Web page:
Brett Jensen (heero@earthlink.net)
Tue, 05 Sep 2000 00:23:04 -0700


Richie Ramos wrote:

> personally, that depends on how it's used. even low built tanks are now useless
> thanks to smart munitions and bomblet systems; i can foresee the use of mecha
> in places where even tanks would have a hard time. if a mecha can be made that
> can evade fast by movement, then it offsets the problem of being hit somewhat.
> just my two cents.

I agree. A secondary mobility system like the Roller Dash wheels on a AT, or the hover
jets on a Dom would make a Humanoid machine very fast as well as agile. I do however
(Grudgingly) admit, that an MS sized robot would be pretty impractical. I think a 10-30
foot robot could be very useful though. (madox-Legioss scale)

> there are many experimental weapons with little or no recoil, such as Tesla
> types and railguns. true, they are big ass in size now, but that can be developed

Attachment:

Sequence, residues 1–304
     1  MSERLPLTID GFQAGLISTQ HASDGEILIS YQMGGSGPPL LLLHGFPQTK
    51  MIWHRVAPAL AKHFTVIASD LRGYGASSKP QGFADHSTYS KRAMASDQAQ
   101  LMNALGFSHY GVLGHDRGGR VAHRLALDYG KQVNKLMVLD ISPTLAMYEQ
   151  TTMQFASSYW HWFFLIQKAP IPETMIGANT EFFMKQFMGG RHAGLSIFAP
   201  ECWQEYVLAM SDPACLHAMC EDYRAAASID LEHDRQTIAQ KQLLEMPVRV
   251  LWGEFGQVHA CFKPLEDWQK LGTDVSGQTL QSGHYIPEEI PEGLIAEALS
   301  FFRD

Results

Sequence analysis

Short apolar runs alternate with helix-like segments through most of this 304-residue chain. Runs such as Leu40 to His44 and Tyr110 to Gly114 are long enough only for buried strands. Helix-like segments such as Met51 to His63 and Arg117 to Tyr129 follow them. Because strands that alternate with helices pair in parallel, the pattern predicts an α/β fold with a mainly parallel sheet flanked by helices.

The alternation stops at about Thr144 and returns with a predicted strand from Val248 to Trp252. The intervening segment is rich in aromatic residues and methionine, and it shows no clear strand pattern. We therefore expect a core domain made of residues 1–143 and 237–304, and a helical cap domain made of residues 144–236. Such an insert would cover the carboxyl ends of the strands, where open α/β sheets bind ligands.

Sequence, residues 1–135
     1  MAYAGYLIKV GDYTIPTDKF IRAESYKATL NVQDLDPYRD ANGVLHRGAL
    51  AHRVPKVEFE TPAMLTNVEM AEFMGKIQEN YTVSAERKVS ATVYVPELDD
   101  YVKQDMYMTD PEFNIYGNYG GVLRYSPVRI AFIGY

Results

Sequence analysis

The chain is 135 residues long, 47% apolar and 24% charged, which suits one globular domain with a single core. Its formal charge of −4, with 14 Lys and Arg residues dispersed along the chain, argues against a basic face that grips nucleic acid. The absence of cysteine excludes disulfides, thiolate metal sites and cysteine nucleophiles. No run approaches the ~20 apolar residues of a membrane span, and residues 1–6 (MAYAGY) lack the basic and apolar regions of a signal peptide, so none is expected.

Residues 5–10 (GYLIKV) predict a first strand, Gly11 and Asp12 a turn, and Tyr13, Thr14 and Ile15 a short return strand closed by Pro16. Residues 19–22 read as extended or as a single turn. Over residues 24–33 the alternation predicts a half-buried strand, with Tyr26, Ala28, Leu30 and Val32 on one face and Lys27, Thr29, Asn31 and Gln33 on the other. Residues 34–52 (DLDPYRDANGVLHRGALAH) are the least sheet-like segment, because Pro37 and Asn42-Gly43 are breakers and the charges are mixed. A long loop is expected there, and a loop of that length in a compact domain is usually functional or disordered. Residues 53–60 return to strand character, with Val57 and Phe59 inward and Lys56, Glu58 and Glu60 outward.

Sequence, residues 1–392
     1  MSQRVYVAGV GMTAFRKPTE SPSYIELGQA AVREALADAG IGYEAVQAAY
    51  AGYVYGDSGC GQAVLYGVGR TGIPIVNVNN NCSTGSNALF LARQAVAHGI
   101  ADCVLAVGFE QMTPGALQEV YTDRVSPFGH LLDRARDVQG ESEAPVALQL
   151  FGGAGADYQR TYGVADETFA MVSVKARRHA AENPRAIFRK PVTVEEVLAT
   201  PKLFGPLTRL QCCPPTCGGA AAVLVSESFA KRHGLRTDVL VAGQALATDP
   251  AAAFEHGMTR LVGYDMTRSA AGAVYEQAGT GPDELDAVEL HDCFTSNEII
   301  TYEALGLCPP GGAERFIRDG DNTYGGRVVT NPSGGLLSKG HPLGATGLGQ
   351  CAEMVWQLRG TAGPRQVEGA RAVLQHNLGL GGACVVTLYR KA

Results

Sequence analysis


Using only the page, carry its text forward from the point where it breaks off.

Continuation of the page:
> into smaller packages over time. it's just a matter of all the technology catching
> up.

Power requirements will for the forseeable future be the limiting factor there. I think
slug throwers would work fine. Assuming that the robotic weapon is at least as strong
and well ballanced as a scaled-up human, you could scale up the weapons accordingly. If
a machine was 4 times bigger than a man it could handle (at least) 4 times as much
recoil. That's my theory at least, I'm certainly no physisist though.

> as I've learned from my country's experience with US Bases, nothing is as it
> seems; what the USA called a simple landfill turned out to be a toxic waste
> depot. and then we find a bunker that was marked as abandoned having equipment
> and vehicles which could handle large bomb-like devices. I think i don't trust
> any government to say that what is there in one place is really what is there,
> or the only thing that is.

I don't believe the Mech story. LA is a Nuclear Lab (I have alot of friends who work
for DOE BTW) If the Government were to build such a weapon they would do it at any
number of better locations. I do think the poster had been BS'd by his friend.

> It's no problem, that's why we are a free list. I come from the mentality that
> whatever is already being shown is by necessity already outdated; one always
> keeps their aces close to their chest.

True, I just don't think that this particular annecdote is true.

---Brett Jensen

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